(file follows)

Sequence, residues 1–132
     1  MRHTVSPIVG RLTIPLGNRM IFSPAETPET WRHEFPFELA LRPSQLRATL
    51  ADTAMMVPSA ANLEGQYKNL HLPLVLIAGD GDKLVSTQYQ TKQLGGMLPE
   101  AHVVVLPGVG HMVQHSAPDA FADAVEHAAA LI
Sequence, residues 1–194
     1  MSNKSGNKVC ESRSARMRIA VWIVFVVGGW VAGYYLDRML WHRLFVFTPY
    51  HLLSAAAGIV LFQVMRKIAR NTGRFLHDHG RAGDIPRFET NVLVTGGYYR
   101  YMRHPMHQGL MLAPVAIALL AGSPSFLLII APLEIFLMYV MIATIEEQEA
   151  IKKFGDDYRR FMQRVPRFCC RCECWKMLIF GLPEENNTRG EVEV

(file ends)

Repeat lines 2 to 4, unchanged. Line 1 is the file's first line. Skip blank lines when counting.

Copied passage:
     1  MRHTVSPIVG RLTIPLGNRM IFSPAETPET WRHEFPFELA LRPSQLRATL
    51  ADTAMMVPSA ANLEGQYKNL HLPLVLIAGD GDKLVSTQYQ TKQLGGMLPE
   101  AHVVVLPGVG HMVQHSAPDA FADAVEHAAA LI